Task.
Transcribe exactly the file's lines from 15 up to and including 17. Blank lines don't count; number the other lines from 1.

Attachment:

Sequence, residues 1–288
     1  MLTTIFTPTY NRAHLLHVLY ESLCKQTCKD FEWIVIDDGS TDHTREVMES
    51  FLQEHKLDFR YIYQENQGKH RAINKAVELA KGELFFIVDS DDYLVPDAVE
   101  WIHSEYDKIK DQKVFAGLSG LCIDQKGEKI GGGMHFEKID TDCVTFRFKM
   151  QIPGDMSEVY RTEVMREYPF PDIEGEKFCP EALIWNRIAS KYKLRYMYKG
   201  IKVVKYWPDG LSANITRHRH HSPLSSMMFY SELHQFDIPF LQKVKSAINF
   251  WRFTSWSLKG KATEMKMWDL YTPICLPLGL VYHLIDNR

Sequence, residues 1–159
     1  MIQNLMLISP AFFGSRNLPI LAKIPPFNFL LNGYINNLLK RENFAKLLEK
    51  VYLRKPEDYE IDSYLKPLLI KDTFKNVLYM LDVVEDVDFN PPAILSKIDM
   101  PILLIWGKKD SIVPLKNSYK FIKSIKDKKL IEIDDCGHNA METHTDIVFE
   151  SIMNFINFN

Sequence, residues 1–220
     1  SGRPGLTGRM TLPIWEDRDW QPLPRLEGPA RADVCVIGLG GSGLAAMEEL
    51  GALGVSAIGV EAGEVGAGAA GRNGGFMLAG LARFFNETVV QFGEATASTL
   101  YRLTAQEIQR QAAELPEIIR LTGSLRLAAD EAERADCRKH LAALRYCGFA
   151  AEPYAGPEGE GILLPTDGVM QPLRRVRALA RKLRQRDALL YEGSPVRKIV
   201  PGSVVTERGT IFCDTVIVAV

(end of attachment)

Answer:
    51  GALGVSAIGV EAGEVGAGAA GRNGGFMLAG LARFFNETVV QFGEATASTL
   101  YRLTAQEIQR QAAELPEIIR LTGSLRLAAD EAERADCRKH LAALRYCGFA
   151  AEPYAGPEGE GILLPTDGVM QPLRRVRALA RKLRQRDALL YEGSPVRKIV